In this fifth lecture, definitions such as permeability, porosity, heterogeneity and anisotropy are explained.

The ability of a solid to transmit fluid is called permeability. This permeability is defined by Darcy’s law an can be influenced by properties like grain size, grain sorting, grain roundness and the texture of the rock. An example of that is the fact that rounder grains lead to higher permeability‚Äôs.

The ability of a solid to store fluid is called porosity. Voids within the solid make it possible for liquid to be encapsulated by the solid. Processes like compaction decrease the porosity due to the effects of loading. All processes that can be undergone by a potential rock reservoir with burial are summarized as diagenesis.

Lateral and vertical changes in rock properties, called heterogeneity, can result in changes of physical properties, called anisotropy. These layers, and with that the differences in reservoir quality, can be identified using well logs.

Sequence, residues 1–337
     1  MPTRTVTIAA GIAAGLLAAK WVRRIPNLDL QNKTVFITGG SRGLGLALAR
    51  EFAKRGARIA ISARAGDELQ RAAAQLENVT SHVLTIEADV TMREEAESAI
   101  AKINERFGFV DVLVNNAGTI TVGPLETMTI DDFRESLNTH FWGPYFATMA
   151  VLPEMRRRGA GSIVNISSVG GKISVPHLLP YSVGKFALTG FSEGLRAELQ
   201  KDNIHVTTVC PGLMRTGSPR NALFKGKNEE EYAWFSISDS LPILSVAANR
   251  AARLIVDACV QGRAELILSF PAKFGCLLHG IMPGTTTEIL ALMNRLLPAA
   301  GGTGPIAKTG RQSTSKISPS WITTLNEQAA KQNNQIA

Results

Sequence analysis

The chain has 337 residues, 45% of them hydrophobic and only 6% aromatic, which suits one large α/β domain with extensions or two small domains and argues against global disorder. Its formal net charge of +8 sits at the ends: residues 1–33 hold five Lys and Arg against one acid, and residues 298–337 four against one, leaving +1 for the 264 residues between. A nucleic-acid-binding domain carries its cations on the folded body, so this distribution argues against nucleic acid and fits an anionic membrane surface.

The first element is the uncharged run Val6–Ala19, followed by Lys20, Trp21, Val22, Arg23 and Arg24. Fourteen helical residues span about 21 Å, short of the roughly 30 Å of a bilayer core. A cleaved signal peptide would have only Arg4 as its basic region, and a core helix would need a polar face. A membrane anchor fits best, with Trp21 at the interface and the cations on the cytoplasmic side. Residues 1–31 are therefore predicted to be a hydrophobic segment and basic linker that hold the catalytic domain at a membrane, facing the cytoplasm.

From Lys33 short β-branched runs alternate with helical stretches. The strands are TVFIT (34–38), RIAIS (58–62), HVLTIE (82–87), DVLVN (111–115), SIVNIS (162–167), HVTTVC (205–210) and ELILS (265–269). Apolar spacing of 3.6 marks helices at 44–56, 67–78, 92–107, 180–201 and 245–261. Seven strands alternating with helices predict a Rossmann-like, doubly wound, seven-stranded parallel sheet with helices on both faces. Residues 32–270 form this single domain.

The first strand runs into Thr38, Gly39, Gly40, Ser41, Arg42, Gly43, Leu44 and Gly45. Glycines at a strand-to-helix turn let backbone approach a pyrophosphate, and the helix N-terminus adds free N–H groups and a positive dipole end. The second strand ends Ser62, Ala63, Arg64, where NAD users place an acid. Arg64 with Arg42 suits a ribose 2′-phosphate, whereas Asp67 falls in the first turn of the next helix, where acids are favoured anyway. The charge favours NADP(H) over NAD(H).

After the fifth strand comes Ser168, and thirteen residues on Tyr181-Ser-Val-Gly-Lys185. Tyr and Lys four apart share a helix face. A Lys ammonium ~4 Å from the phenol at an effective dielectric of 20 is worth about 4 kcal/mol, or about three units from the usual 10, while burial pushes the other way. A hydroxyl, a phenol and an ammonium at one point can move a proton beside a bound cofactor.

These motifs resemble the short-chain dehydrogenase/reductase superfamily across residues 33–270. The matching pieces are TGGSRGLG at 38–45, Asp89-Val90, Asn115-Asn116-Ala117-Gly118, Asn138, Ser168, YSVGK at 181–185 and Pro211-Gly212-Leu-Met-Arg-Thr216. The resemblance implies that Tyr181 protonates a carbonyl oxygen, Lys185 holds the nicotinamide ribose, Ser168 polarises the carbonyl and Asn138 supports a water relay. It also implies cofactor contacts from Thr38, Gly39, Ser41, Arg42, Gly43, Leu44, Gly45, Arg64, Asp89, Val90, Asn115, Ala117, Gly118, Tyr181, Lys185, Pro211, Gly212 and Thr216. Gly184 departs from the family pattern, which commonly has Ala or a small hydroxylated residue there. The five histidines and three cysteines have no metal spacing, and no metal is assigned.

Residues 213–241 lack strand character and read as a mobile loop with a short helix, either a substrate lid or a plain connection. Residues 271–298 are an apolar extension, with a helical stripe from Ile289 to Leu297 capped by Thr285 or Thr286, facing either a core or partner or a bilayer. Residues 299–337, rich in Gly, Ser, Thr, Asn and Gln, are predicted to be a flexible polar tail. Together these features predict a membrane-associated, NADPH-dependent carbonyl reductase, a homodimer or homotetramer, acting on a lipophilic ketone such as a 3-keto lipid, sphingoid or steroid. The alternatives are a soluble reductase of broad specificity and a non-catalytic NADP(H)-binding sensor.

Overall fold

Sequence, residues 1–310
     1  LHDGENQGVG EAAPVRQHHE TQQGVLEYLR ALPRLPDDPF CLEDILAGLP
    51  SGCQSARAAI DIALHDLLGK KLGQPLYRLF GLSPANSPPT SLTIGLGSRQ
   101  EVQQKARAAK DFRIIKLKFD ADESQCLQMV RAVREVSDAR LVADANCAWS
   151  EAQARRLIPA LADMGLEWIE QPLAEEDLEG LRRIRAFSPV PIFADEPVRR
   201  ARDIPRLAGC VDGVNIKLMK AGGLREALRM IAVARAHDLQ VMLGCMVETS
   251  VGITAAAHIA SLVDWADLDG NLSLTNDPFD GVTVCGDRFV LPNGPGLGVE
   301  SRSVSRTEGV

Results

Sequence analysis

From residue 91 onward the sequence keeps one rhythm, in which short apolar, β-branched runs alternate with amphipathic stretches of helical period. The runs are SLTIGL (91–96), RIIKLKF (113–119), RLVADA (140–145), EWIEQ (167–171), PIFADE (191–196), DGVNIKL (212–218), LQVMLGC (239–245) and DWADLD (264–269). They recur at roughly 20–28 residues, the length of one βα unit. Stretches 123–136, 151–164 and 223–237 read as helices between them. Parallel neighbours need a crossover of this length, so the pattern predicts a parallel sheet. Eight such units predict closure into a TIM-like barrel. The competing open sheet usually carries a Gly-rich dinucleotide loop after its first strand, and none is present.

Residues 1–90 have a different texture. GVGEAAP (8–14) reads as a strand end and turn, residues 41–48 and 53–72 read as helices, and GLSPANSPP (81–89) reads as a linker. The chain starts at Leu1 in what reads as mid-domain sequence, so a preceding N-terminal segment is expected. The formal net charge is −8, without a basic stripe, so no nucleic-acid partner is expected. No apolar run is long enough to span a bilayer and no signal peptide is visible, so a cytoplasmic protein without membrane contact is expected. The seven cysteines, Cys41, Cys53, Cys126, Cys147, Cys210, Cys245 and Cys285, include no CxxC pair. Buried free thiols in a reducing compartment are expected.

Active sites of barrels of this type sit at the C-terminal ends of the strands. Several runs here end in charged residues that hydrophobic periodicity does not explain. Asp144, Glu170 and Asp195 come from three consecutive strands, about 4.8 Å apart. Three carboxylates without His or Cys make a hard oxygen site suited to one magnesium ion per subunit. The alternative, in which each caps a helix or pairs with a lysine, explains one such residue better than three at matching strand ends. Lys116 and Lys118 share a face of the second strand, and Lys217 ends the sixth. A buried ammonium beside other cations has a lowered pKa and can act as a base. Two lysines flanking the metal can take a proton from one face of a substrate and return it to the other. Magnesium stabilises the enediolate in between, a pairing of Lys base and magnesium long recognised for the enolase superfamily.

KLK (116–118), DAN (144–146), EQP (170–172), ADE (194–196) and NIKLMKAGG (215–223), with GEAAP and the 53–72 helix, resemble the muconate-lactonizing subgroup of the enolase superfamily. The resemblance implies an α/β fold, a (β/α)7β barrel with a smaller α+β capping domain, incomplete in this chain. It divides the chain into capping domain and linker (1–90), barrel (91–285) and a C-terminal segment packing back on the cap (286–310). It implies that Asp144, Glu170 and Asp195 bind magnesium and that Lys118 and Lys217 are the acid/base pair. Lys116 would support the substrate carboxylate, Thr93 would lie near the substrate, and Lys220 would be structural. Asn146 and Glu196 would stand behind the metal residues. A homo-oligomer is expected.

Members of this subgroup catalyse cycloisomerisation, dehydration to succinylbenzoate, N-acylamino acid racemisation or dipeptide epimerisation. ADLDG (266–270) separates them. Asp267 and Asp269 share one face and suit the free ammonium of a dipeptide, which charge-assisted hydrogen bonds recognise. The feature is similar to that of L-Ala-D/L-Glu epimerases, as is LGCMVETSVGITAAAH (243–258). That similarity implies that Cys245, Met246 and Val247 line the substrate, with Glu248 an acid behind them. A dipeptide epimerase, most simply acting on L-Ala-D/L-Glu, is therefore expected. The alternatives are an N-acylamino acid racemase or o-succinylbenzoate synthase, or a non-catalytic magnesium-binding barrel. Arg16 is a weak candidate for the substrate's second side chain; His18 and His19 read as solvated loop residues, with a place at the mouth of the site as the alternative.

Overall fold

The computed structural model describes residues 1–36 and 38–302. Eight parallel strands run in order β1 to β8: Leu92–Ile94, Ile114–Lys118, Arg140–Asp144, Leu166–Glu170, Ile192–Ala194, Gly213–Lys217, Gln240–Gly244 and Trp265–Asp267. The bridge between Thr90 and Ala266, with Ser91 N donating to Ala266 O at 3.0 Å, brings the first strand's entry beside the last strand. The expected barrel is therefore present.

Next, it is explained that petroleum geologists should use well data, seismic data and geological knowledge to build a 3D reservoir model. In Delft University of Technology, a process based simulation of barrier bar development as a function of fluctuating see levels is developed. A demonstration of this program can be seen here.

The final part of this lecture is on carbonates, which are significantly different from classic reservoir rocks. One of the big differences is that most of the material is biogenic. It is not uncommon that carbonates are both the source and the reservoir rock. Carbonate depositional settings and a great variety of carbonate pore types, which influences the permeability, are discussed.

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